katiek510
Age: 25
Dating
Mai.Mai.Mai.Mai: Hi :)
About
Non-smoker with Thin body type
City
San francisco, California
Details
25 year old Woman, 5' 2" (157cm), Other Religion
Ethnicity
Asian Virgo with Black hair
Intent
Mai.Mai.Mai.Mai Casual Dating/No Commitment
Education
Bachelors degree
Personality
Night Owl
Profession
Accountant







I am Seeking a Man For Friends
Needs Test Not Completed Chemistry Not Completed
Do you drink? Socially Do you want children? Prefer not to say
Marital Status Single Do you do drugs? No
Pets No Pets Eye Color Brown
Do you have a car? N/A Do you have children? No
Longest Relationship Over 10 years



About Me


i do not want to say any thing

so the website dosen't let me post sorry

White Elephant Legend
White elephant shrine

According to legend, a monk named Sumanathera from Sukhothai had a dream; in this vision he was told to go to Pang Cha and look for a relic. Sumanathera ventured to Pang Cha and is said to have found a bone, which many claim was Buddha's shoulder bone. The relic displayed magical powers; it glowed, it was able to vanish, it could move itself and replicate itself. Sumanathera took the relic to King Dharmmaraja who ruled the Sukhothai.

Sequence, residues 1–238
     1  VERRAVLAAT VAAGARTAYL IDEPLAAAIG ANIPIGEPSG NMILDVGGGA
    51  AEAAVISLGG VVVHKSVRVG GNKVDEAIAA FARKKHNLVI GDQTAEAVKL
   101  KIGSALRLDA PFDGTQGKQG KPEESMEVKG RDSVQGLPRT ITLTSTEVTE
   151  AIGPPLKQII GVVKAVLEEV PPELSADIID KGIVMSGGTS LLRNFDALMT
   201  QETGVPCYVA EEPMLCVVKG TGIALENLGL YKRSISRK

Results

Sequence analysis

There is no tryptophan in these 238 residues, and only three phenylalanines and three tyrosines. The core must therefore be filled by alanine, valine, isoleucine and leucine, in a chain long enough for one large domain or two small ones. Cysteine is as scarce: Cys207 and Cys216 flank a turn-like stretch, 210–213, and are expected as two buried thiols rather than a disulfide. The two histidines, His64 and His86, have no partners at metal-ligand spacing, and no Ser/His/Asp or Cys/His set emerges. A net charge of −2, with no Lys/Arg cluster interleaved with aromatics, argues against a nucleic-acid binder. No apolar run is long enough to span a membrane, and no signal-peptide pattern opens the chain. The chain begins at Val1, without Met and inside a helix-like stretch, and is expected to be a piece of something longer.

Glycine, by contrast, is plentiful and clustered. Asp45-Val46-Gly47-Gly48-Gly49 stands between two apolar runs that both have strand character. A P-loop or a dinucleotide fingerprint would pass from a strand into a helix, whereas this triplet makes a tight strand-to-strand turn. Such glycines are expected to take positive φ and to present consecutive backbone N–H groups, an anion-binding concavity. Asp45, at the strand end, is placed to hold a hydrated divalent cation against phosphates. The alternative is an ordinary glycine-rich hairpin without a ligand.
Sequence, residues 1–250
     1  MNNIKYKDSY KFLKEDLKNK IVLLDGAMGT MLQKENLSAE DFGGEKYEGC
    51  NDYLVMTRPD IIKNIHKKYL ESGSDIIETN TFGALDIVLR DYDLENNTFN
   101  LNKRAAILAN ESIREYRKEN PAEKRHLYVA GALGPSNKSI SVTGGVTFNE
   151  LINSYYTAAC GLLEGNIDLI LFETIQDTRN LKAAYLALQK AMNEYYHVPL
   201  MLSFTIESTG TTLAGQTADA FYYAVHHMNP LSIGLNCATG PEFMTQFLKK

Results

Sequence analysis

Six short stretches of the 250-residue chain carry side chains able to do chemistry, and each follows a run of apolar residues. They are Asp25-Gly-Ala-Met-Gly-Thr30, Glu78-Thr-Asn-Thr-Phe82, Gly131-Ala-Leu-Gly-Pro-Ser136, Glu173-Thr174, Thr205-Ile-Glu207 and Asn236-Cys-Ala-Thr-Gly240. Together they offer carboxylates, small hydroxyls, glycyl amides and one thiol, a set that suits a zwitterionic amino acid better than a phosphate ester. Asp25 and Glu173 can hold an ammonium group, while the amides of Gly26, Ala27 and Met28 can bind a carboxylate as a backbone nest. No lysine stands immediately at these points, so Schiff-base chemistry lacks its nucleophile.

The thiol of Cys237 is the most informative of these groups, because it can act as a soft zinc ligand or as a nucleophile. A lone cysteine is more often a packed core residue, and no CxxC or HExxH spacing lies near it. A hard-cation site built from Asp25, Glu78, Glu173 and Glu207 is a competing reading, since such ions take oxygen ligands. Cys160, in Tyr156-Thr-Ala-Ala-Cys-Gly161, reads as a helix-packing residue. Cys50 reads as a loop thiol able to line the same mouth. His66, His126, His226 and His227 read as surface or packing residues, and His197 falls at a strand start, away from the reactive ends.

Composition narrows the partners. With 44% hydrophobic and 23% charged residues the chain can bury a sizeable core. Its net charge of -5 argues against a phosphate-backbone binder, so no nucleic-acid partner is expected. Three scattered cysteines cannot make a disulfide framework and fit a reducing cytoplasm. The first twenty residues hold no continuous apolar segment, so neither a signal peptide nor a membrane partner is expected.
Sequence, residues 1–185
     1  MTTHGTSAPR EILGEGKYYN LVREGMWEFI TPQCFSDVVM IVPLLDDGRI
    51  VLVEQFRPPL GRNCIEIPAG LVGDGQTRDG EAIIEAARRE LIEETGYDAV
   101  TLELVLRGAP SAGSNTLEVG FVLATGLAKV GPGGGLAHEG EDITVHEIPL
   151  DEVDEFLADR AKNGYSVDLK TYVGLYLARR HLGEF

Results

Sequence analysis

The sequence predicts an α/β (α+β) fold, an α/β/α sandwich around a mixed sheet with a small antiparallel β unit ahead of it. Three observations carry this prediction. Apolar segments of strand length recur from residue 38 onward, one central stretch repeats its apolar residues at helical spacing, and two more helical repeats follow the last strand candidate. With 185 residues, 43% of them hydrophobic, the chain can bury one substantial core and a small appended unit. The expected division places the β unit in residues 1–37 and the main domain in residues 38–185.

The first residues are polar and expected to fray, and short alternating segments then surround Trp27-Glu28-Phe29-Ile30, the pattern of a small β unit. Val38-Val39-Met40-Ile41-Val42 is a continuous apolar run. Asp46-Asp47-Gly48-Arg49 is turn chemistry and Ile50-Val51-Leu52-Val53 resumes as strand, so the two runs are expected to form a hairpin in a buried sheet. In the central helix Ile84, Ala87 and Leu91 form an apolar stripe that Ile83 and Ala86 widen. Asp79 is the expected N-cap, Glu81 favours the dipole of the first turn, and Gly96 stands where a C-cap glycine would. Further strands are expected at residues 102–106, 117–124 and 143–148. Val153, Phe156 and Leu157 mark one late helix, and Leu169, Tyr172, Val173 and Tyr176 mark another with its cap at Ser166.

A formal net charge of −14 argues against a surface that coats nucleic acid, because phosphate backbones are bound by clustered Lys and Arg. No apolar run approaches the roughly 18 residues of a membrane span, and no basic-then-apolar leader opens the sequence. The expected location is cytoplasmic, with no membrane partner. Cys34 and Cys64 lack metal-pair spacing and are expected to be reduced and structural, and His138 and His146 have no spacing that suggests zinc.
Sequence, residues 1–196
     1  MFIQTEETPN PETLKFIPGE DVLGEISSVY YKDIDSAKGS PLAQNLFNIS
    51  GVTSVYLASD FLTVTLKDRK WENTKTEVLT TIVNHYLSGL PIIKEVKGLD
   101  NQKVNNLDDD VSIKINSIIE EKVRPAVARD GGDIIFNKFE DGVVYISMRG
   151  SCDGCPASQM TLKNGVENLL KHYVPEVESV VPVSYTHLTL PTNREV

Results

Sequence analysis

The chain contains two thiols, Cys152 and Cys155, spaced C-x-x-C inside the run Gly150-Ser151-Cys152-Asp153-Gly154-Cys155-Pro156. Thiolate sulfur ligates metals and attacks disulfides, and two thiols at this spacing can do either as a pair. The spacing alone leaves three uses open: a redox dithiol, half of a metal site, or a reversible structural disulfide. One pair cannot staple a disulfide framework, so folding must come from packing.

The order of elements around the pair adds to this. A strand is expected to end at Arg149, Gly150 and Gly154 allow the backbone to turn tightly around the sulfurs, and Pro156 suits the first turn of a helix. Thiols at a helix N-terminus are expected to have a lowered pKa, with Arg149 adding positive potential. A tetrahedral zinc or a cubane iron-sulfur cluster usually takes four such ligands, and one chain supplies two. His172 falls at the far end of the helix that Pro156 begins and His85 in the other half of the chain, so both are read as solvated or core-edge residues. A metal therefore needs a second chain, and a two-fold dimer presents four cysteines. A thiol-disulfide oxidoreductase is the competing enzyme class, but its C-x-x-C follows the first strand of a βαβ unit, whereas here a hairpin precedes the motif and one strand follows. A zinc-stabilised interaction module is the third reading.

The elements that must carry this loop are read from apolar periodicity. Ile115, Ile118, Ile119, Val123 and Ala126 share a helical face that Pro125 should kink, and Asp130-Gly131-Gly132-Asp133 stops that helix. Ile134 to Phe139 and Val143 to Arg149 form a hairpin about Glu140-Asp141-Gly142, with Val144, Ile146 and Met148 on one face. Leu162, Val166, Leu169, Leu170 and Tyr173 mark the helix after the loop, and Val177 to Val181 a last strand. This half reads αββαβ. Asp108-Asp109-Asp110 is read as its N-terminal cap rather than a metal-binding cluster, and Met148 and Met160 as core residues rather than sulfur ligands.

The eager Dharmmaraja made offerings and hosted a ceremony when Sumanathera arrived. However, the relic displayed no abnormal characteristics, and the king, doubtful of the relic's authenticity, told Sumanathera to keep it.

However, King Nu Naone of the Lanna Kingdom heard of the relic and offered the monk to take it to him instead. In 1368 with Dharmmaraja's permission, Sumanathera took the relic to what is now Lamphun, in northern Thailand. The relic apparently split in two, one piece was the same size, the other was smaller than the original. The smaller piece of the relic was enshrined at a temple in Suandok. The other piece was placed by the King on the back of a white elephant which was released in the jungle. The elephant is said to have climbed up Doi Suthep, at the time called Doi Aoy Chang (Sugar Elephant Mountain), trumpeted three times before dying at the site. It was interpreted as a sign and King Nu Naone ordered the construction of a temple at the site.